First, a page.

The Blue Lighting
Globally over 900 monuments and buildings will be lit up in blue today
DR MOHAMMED ASHRAF GANIE
World Diabetes Day (WDD) is celebrated every year on November 14 and it commemorates the birthday of Frederick Banting, who discovered insulin in 1921 in Canada. It was initiated by the International Diabetes Federation (IDF) and the World Health Organisation (WHO) in 1991 with the aim of coordinating diabetes advocacy all over the world. Since then, it has become the primary global awareness campaign of the diabetes. On December 20, 2006, the United Nations (UN) also passed a resolution to designate November 14 as World Diabetes Day. Governments, non-governmental organizations and private businesses are encouraged to participate in raising the awareness of the disease, particularly among the general population and the media. The global efforts on this day are to raise awareness of diabetes, its prevention and complications and the care that people with the condition need.
The World Diabetes Day campaign is led by the International Diabetes Federation and its member associations around the world, including the American Diabetes Association, Diabetes UK, Diabetes Australia, the Canadian Diabetes Association, Diabetes South Africa, Diabetes New Zealand and the Diabetic Association of India. These organizations arrange various events at international, national and local levels and different themes are followed over different years as follows
1. The distribution of information to encourage at risk individuals to be screened for diabetes.
2. The World Diabetes Day bike races to increase awareness of diabetes.
3. Conferences, workshops and seminars for health and public policy professionals.
4. Events to highlight diabetes in local and national media, including television, newspapers and Internet publications
5. Marathon races led by public figures or celebrities.
6. The distribution of geocoins for use in geocaching (a game for global positioning systems users).
7. Some events aim to raise money for research into treatments for diabetes.
This year the theme is blue lighting as the circle in IDF logo is blue. Globally over 900 monuments and buildings will be lit up in blue today. UN for first time asked member states to establish national policies to prevent and treat Diabetes. In India Union Health Ministry and activists have asked Archeological Survey of India (ASI) to permit us to lit up world famous Taj Mahal in blue on WDD. Several monuments will be lit up in blue to mark the World Diabetes Day, which includes Old Fort, Red Fort, Qutub Minar and Humayun Tomb in New Delhi, Imambada in Lucknow, Manek Chowk and City Palace Ground in Udaipur, Sidhivinayak Mandir and CST Station in Mumbai, Sahniwada Fort in Pune, Victoria Memorial in Kolkata, 13 Gates of Ahmedabad and Konark Temple in Orissa.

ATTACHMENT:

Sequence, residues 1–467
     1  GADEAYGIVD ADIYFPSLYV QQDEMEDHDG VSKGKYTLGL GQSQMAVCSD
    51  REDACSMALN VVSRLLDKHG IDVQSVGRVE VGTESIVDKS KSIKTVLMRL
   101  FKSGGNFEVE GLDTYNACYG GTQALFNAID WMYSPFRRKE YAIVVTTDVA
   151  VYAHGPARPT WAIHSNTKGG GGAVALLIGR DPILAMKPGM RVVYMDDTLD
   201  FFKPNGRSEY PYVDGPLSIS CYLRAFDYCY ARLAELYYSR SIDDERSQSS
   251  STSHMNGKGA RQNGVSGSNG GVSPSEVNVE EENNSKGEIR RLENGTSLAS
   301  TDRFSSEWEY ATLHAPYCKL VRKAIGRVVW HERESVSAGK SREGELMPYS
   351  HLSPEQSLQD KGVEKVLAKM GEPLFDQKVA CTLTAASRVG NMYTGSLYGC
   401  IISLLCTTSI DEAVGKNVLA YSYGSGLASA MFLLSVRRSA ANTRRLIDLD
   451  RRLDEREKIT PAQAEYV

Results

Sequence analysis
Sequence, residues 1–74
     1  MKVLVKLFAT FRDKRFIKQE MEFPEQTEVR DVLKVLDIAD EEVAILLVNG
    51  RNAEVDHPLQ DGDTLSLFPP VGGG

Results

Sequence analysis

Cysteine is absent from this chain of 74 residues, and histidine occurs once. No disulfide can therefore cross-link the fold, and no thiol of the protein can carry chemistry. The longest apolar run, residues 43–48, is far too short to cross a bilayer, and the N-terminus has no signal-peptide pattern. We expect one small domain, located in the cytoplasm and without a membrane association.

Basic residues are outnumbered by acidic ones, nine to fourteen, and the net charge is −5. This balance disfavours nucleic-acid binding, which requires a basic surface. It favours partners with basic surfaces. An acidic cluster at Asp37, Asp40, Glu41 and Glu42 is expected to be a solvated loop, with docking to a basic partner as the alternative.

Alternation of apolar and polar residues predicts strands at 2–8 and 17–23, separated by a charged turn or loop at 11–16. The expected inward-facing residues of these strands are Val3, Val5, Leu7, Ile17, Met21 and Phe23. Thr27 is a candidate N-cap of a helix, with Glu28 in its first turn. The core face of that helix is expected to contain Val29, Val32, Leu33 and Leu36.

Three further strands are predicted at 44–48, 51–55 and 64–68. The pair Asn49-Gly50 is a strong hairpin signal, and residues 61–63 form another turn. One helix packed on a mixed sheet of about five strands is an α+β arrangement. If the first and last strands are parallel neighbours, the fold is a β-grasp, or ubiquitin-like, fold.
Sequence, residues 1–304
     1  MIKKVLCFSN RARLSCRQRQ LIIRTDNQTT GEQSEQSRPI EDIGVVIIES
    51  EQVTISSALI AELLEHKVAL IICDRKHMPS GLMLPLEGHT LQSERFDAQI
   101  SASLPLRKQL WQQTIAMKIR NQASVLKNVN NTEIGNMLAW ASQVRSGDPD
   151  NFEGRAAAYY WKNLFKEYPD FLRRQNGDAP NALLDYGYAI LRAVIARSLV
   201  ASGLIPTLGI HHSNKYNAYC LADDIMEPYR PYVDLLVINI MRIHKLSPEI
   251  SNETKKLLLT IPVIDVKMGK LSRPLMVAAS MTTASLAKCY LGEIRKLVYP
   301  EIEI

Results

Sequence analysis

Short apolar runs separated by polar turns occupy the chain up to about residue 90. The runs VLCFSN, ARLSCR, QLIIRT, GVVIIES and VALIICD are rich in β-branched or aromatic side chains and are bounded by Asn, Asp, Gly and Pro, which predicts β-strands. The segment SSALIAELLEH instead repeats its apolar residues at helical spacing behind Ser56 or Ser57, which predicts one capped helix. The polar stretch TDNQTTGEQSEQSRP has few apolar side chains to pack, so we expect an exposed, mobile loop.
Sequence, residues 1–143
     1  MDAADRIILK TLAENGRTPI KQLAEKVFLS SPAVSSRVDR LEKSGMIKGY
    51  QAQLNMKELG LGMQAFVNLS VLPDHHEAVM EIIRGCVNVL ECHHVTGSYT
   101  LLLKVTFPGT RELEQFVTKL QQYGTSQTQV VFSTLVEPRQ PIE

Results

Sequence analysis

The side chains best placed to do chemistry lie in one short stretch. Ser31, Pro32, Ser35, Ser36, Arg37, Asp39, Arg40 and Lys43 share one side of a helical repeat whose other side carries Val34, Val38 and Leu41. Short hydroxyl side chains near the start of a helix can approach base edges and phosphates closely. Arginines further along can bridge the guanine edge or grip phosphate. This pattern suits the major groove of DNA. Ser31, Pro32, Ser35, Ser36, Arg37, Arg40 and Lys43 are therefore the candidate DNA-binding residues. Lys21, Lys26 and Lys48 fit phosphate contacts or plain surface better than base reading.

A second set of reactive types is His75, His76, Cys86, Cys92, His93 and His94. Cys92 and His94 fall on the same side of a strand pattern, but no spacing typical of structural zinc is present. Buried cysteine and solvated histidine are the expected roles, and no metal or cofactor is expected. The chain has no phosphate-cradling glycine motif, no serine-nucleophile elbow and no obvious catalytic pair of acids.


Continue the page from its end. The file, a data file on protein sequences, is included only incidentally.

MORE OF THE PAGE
Diabetes, common name for a range of conditions, is characterized by high glucose (a form of sugar) in blood circulation (hyperglycemia). The blood glucose in absence of insulin (mediator hormone from pancreases) accumulated in blood and tissues and causes damage of tissue such as nerves, blood vessels, eyes, kidneys, heart etc.
The importance of this day is because of the global burden of the disorder estimated to be 346 with India being top in the list. By 2030, it could be the seventh leading cause of death in the world and In India it is estimated to go up by 240%. Every 6th person is likely to be affected in the country and it is more so in the Valley. Increased urbanisation, a more westernised lifestyle, unhealthy eating habits, general unawareness, increased cases of smoking and a sedentary lifestyle has made Asians extremely vulnerable to diabetes. Of all the diabetics in the world, 90% are type 2; their ailment is caused by obesity or other related lifestyle choices. An estimated 85% people in urban areas never get their blood levels checked. Ignorance is very dangerous because it can lead to various complications.
Depending on the type and severity, diabetes can be prevented and controlled by healthy life style including dietary measures, weight loss, exercise etc. Some basic lifestyle modifications – like diet and exercise, avoiding smoking and alcohol and frequently checking your blood glucose levels can go a long way in managing these symptoms. There’s a general myth that avoiding sweets and other sugary food items is enough for diabetics. That is not the case. Patients will need to address their entire eating habits. Ideally, they should eat at least five meals a day and put more complex carbs on their plate. In addition treatment may involve oral medication or injected or inhaled insulin towards the advancement of the disease. There is a wide range of short and long-term complications of diabetes including foot and eye problems and vascular diseases. It is estimated that one in three residents of the United States will develop diabetes at some point in their life.
To avoid this menace I request all citizens, NGO’s, Government agencies, health care workers, Medicos, paramedics and more importantly respresentives of media to launch a multipronged attack to on diabetes by spreading awareness about:
1. Healthy living (diet, exercise and de-stressing) 2, Preventive strategies 3, Detecting unknown diabetics 4, Prevent complications in Known ones 5, Limit the damage in complicated ones.
Author is Senior Consultant, Deaprtment of Endocrinology, Metabolism and Diabetes AIIMS New Delhi.
Lastupdate on : Tue, 13 Nov 2012 21:30:00 Makkah time
Lastupdate on : Tue, 13 Nov 2012 18:30:00 GMT
Lastupdate on : Wed, 14 Nov 2012 00:00:00 IST
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